In this week’s show, we’re talking about battling the elements of nature. Check out our advice for tackling these home problems that nature brings on.
Fixing Gutter Gaps
Sandy recently hired a contractor to install gutters, but once they were installed, she noticed there was a half-inch gap between the gutters and the house.
Typically, the gutter needs to be nailed to the fascia board on the house. However, there are gutters that can be hung using brackets, so that could be the case for the space.
If you don’t fill the space, water will rot the wood fascia. To fill the space, don’t use caulk. Get drip cap molding, slip it under the lowest row of shingles and pull it out about a half-inch. This will carry the water off the edge of the roofing and into the gutter.
Water running down over fascia is not a big deal, but when you have the penetration of the nail, screw or bracket, that’s the entry point into the overhead area and soffit areas.
Once the water gets in, the wood will rot and become a breeding ground for pests, like roaches or termites.
Skip to [11:24] for the full segment on the Today’s Homeowner Radio Show.
Reviving a Log Cabin Exterior
Ariane needs advice on cleaning the outside of a faded and dirty, stained log home. The best way to revive a log cabin exterior is to pressure wash the wood, but be careful to not damage the wood with high pressure.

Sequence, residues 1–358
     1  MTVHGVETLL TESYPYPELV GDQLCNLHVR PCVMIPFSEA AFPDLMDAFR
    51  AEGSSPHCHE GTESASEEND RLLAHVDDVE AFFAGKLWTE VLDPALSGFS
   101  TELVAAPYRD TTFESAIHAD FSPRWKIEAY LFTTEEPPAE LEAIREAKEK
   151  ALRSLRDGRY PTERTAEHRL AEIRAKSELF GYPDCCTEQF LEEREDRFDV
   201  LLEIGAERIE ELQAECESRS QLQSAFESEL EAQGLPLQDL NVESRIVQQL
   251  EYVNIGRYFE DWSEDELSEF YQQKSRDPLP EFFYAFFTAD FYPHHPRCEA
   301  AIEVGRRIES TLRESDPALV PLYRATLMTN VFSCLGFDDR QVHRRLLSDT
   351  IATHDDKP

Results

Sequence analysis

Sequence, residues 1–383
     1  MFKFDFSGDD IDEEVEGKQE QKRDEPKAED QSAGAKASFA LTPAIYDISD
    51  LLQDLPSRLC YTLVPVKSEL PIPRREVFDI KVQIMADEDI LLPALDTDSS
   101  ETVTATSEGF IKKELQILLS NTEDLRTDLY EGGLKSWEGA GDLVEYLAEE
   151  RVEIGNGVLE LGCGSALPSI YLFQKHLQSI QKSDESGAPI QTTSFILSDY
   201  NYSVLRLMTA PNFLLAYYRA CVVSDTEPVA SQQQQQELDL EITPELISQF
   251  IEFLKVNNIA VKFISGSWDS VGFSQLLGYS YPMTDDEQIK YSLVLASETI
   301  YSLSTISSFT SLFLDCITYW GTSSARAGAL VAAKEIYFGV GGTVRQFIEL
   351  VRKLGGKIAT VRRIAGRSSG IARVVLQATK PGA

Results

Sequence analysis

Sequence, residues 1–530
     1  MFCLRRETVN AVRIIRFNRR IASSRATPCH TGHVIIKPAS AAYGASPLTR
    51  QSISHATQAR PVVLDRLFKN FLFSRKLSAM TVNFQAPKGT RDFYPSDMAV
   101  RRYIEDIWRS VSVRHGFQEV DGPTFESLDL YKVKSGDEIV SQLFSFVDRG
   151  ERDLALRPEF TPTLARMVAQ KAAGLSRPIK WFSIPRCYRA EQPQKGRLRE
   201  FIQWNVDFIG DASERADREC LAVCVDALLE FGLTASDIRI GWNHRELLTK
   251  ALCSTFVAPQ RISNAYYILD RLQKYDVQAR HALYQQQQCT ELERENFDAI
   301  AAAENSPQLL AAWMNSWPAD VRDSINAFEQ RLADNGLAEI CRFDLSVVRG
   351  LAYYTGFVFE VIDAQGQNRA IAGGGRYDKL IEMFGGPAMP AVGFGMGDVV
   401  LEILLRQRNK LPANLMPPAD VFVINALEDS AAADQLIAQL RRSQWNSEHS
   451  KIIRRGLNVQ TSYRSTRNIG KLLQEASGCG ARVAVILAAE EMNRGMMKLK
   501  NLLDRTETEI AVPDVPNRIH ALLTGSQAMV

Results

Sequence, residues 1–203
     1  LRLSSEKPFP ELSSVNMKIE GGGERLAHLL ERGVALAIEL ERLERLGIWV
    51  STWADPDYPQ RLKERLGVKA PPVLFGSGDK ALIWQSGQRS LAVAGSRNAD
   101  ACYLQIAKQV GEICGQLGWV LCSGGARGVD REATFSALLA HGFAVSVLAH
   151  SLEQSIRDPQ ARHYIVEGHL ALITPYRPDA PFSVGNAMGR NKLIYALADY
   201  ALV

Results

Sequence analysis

She said the manufacturer suggested sandblasting, but what they’re referring to is not traditional “sandblasting.” Never sandblast logs because that would destroy the wood.
What some manufacturers do is “sandblast” log homes not with sand, but with softer material like ground walnut shells or ground corn cobs.
Skip to [19:34] for the full segment on the Today’s Homeowner Radio Show.
‘Does a Heated Basement Need Insulation?’
Any insulation you add to your house is a benefit. It will make you more comfortable and save money on the energy bill.
Where you install the insulation determines how much return you get on your insulation dollar. The attic is the best spot for insulating, although floor insulation will make cold mornings cozier as you walk across the floor with your bare feet.
It also helps to completely envelop your home to keep the most heat in.
With a heated basement, there’s not much benefit to insulating because there is already heat above and below. Adding more could help retain the heat better on the first floor. You would want to use unfaced insulation because it won’t trap moisture.
Skip to [44:22] for the full segment on the Today’s Homeowner Radio Show.
Smoothing Out Sand Paint
The sand paint on Barbara’s bathroom ceiling is peeling off, and she’s unable to remove the paint without damaging the drywall.
To fix this sandy mess, the best bet is to sand the ceiling with 80-grit sandpaper. There’s a good chance you can remove all the sand and just need some minor drywall repair.
Paint the ceiling with a thick roller to add some slight texture to cover up some of the defects, then paint a couple more coats.
In severe situations, you might need to veneer over it with quarter-inch drywall.
Skip to [55:05] for the full segment on the Today’s Homeowner Radio Show.
Also on this episode:
- Using Kitchen Cabinets for Garage Storage
- Fixing Cracks in Crown Molding
- Combatting Condensation on Windows
- The Basics of Blown-In Insulation
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